Against a backdrop of sumptuous satire, delectable art, and original flavor “Chew” #33 provides food for thought.
Written by John Layman
Illustrated by Rob Guillory
Tony takes on a load of seamen.
In the midst of the ‘Bad Apples,’ story arc, Layman and Guillory continue to find innovative ways to engage and surprise readers. “Chew” #33 takes on topics from the downside of office romance, to international espionage with the same unyieldingly humorous tone.
Now in the second half of the series, the quality of Layman and Guillory’s work stays strong. The incredible fluency of the creative team must be acknowledged. “Chew” began with Tony Chu, a single Cibopath in a chicken-free world trying to make a difference, but along the way we have learned that he is far from being alone. We have met a Saboscrivner, who makes people taste the food she writes about; a Voresoph, who becomes smarter as he eats; and a Cibovoyant, who can see the future of any living thing she eats, to name a few. Even minor villains who appear in only a couple of pages have highly specific sustenance-related abilities. One such character is an Effervenductor, who can use latte foam to control the minds of his patrons. This is just a taste of the incredibly original and ever-growing catalog of Chewniverse powers. In this issue we meet a Ciboinvalescor, someone who becomes stronger as he eats. You know, like Popeye, but not limited to spinach? And what Popeye-esque show down would be complete without a few sailor men?
Tony joins the Navy on a classified mission in Yamapalu, where the Church of the Immaculate Ova has stationed a key member of their organization. Of course, Guillory’s imagining of the aquatic military branch has less to do with officers and gentlemen and more to do with the 1979 Village People hit, “In the Navy.” The “Chew” team never misses an opportunity for a laugh. They use images to make plays on words. As the cadets and Tony listen to a briefing, we notice the animals sitting with them are seals, Navy seals. Its that kind of thought that makes the series truly enjoyable. Every detail is carefully constructed to elicit the maximum comedic response.
Guillory’s art has been a continual asset to the series. His one-of-a-kind take on this world creates a comprehensive environment that makes “Chew” instantly recognizable, regardless of setting, character, or event. The content has been so uniquely stylized that motifs have emerged that are instantly evident. When Tony takes a bite of something, or someone, for instance; panels go monochromatic, the narration takes a familiar tone, and we are transported through the history of that character or foodstuff. This formula never becomes tiresome because the content is so unpredictable and original each time this device is employed. Layman’s narration builds on itself, repeating themes and phrases from earlier issues, immediately calling previous events to mind, and binding the story together.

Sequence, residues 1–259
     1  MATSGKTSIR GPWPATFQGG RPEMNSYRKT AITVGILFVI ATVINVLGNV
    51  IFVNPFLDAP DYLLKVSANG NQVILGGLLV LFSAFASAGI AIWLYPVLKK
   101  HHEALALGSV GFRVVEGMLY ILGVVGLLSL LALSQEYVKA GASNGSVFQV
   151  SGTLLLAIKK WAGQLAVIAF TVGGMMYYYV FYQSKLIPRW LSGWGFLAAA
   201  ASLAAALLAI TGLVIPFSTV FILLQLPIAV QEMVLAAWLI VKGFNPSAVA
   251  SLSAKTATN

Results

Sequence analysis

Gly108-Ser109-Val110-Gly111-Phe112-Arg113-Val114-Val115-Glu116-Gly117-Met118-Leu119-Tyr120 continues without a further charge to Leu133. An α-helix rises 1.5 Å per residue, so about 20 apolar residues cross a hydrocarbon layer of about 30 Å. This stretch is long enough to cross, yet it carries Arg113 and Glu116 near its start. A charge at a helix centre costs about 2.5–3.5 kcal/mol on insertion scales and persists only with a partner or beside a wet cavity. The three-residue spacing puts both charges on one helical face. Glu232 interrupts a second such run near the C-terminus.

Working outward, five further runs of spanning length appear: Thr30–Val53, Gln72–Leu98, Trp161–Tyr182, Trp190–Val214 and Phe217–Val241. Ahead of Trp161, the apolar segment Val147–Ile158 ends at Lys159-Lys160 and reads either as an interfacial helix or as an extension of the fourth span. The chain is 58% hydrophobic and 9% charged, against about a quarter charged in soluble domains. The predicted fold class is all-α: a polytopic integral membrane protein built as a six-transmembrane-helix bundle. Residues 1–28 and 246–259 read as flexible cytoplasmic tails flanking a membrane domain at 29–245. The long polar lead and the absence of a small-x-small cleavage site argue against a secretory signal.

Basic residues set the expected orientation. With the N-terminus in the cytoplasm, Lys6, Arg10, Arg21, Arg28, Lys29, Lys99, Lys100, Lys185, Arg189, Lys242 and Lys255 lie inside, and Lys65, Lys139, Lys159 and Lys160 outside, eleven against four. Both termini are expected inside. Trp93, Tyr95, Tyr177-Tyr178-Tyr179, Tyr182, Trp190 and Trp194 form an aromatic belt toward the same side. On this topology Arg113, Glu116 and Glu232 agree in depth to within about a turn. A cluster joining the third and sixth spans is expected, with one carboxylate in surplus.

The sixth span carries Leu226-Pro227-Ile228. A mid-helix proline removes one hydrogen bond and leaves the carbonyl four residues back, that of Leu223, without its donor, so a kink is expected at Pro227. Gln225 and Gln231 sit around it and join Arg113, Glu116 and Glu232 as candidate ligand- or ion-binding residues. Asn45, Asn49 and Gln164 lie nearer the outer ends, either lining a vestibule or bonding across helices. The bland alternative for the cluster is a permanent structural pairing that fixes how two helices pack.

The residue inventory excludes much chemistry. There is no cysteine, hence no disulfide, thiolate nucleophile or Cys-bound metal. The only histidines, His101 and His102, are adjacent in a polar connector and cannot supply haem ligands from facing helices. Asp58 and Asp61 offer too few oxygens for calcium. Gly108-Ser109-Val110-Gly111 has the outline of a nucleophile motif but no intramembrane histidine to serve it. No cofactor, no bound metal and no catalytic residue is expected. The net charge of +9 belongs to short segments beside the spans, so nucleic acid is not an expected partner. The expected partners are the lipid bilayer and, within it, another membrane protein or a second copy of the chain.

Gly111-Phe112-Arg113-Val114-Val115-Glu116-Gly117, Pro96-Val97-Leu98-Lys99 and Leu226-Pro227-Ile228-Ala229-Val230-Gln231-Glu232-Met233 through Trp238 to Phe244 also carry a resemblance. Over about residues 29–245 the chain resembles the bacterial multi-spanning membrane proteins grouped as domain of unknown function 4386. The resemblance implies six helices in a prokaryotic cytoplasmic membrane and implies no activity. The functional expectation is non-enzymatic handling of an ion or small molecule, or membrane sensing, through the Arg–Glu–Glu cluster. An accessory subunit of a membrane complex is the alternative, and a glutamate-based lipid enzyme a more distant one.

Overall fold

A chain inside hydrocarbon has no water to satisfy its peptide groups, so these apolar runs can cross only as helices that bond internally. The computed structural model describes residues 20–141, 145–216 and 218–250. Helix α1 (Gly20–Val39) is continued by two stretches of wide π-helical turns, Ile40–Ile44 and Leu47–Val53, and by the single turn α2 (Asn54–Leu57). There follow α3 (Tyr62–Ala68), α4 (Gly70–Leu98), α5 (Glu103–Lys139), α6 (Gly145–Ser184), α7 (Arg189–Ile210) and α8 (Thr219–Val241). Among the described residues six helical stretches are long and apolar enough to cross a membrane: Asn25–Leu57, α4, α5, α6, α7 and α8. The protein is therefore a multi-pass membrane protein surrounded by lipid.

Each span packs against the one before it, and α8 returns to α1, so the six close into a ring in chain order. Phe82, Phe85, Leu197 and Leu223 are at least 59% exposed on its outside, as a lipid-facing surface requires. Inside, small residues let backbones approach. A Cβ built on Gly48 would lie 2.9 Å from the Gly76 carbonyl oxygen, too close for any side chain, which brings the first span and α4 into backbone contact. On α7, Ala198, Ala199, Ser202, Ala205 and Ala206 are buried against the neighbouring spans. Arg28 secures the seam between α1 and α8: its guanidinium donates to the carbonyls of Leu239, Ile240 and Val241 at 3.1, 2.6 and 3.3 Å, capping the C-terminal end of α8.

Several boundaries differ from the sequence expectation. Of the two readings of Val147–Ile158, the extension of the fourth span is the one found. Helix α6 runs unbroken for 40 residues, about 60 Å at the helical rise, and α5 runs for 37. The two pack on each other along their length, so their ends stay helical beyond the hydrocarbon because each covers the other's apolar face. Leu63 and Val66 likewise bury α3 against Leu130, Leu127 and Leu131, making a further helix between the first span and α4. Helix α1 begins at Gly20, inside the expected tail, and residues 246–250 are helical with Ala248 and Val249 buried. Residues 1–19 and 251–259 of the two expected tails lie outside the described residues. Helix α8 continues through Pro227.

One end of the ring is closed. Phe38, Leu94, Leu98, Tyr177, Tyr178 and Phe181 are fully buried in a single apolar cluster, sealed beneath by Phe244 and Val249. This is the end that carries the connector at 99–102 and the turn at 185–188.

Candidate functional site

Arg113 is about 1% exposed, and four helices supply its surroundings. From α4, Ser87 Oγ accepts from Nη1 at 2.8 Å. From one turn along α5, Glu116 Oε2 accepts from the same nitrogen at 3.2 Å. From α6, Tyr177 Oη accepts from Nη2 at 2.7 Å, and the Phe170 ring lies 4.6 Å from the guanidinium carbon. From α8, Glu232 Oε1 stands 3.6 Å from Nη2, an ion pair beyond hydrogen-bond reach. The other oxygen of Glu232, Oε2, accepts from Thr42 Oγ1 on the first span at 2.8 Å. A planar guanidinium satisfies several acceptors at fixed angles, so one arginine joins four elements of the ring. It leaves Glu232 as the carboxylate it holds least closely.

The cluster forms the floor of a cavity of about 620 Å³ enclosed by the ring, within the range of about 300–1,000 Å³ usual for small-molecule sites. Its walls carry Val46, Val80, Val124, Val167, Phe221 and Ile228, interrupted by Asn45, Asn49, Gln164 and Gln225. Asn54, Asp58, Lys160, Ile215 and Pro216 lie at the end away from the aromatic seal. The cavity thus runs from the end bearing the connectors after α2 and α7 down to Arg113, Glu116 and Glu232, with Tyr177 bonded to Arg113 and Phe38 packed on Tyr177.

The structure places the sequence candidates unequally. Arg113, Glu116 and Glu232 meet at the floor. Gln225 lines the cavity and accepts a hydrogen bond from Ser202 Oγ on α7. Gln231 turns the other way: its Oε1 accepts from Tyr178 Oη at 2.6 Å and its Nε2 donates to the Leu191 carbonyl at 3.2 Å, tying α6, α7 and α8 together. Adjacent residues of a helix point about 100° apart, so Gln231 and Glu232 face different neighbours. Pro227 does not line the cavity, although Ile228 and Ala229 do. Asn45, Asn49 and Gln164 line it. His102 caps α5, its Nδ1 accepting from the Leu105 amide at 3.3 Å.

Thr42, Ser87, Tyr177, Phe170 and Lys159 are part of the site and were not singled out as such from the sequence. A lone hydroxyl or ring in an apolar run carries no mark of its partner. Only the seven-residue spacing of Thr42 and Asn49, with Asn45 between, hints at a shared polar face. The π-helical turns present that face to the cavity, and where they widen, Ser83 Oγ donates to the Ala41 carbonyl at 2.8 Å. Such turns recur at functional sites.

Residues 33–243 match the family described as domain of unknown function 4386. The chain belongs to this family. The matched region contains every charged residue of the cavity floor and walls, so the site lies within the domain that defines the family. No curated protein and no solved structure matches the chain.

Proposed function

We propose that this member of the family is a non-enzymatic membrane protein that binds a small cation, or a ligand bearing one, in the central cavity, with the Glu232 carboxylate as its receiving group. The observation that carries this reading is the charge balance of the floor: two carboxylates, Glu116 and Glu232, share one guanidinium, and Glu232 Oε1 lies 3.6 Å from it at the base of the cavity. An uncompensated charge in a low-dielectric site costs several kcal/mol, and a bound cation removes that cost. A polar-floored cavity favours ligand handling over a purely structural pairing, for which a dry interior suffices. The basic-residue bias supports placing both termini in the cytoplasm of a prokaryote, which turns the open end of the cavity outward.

The team is able to create a brilliant contrast to the everyday world, while keeping one toe in the pool of reality. “Chew” could have easily been set some far-flung universe, instead, the world of the series is our own. We are bombarded with acronyms like FDA, FBI, and USDA, the reference to the established agencies make the departures form normalcy more believable. In the series, places seem familiar, and the world operates in ways we understand. This keeps the title firmly planted in the realm of satirical surrealism, instead of allowing it float into the genre of slapstick fantasy.
In the same way that the gravity of the familiar binds us to the world of “Chew,” the characters pull us in. The spaces where this story unfolds are well-realized; they tell us about the people who occupy them. In this issue Applebee’s apartment paints a portrait of lonely man, drab decor and cat posters make the setting function as an extension of the character. This visual characterization carries over to the way Applebee is depicted, as well. Every detail of his representation, down to the sweat-stains under his arms, stinks of desperation. Each member of the cast is treated in the same attentive, thorough way. They become three-dimensional and relatable because of the hints we are given about them visually.Continued below
Since Toni’s death, the series has taken a darker turn. Any reservations Tony had about using his Cibopathic abilities have vanished. He is on the trail of the killer who took his sister’s life, and nothing will stop him. With vigor and intensity he pursues the man who is responsible for her death. The skills required to marry laugh-out-loud moments with a believable quest for revenge are considerable.
There’s something magical about this title. It shouldn’t work. You should not be able to invest in a world that’s greatest ethical dilemmas have to do with poultry consumption, or buy in to the idea that food-related powers are the key to global domination; you should not be emotionally invested in a rooster. (Speaking of roosters, you will not believe what Secret Agent Poyo is up to this month.) “Chew” makes it work. Somehow, all the ingredients come together to make something absolutely transportive. This title is like nothing else on the table, just taste it; you’ll come back for seconds, I promise.
Final Verdict 8.5 – Tony’s involvement in the Navy delivers fun and excitement, as those ambassadors of disco The Village People tell us, “If you like adventure/Don’t you wait to enter.”